Basically, I didn't enter the Book writing process as a total noob to Rails, but neither was I a Rails expert. Much of what I've learned about Rails, beyond my contracting experience, has been from researching and writing the book. Ironically, I think this is part of what makes this book work. I know the learning curve that new Rails developers are up against and I believe I've offered a clear and no-nonsense path past it, towards the end of being self-sufficient with the framework. But also remember that much of the book was contributed by other members of the Rails community — many of them having a enormous amount of Rails experience and expertise in areas that I was lacking.
With Rails 1.2 out now, how much of your book is already obsolete? How do you write a book against a target that moves this quickly?
Rob: You'll notice that the book states on the cover that it's been updated for Rails 1.2. This is because I made the decision in December to pull the book out of O'Reilly's production process in order to update it for Rails 1.2. At that point we already had a chapter on RESTful Rails development so there wasn't as much to update as you may think. Still, there was plenty of work to be done. Luckily, I had the help of a couple of my good friends; Christian Romney and Ryan Waldron.
I wasn't really sure when Rails 1.2 would emerge from it's release candidacy but the timing really couldn't have worked out better. My book went on sale a single day before Rails 1.2 released.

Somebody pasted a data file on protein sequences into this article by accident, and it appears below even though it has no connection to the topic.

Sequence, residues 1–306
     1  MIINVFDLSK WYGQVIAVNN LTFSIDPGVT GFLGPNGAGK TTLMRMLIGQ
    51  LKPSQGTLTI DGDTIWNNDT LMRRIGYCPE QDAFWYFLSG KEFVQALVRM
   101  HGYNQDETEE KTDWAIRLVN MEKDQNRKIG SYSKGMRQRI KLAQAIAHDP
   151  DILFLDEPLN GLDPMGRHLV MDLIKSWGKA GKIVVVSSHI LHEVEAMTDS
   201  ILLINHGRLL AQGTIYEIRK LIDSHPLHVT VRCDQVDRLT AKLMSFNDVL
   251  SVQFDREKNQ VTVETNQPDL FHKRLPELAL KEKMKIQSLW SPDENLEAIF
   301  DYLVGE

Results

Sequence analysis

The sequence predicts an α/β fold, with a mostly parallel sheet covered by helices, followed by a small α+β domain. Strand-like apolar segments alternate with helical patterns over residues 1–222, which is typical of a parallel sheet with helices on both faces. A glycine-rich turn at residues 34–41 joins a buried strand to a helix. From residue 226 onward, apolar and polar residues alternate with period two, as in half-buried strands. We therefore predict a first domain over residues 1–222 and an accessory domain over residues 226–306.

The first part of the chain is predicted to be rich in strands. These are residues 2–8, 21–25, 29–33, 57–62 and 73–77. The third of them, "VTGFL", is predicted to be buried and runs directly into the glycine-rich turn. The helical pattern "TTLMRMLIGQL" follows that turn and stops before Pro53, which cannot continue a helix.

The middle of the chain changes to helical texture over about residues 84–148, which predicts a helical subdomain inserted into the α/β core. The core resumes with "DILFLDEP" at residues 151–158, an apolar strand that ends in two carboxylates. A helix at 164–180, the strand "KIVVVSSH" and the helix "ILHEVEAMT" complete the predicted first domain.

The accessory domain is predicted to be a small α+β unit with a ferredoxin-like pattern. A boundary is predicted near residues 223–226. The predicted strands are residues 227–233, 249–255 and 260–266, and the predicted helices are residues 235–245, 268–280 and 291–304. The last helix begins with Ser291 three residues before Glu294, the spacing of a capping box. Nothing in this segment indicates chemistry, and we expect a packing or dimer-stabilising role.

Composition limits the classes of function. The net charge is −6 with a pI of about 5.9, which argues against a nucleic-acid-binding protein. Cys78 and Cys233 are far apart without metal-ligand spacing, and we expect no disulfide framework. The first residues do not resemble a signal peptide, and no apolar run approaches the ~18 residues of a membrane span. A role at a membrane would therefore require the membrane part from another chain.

As for writing about a moving target, such as Rails; It was a challenge. There were many parts that I had written months before that had to be revised as new features appeared and as old techniques became deprecated. The good news is that you can see most new developments coming from pretty far off by staying in touch with the community and by following changes to the framework via the Rails Trac project and/or blogs of the people driving Rails development.
Part of what makes Rails exciting is it's flexibility to change with the evolving needs of the Rails community. While trying to document things as they change is sometimes difficult, I really wouldn't want it any other way.
What is your favorite recipe from the book and why?
Because of the back story of this recipe, it was interesting to see it mentioned on the Ruport mailing list recently. Someone suggested that a Ruport plugin for Rails should be created based on the techniques demonstrated in this recipe. Come to think of it, maybe I should work on that.
Have you spent any time looking at other web development frameworks? What can Ruby on Rails learn from them?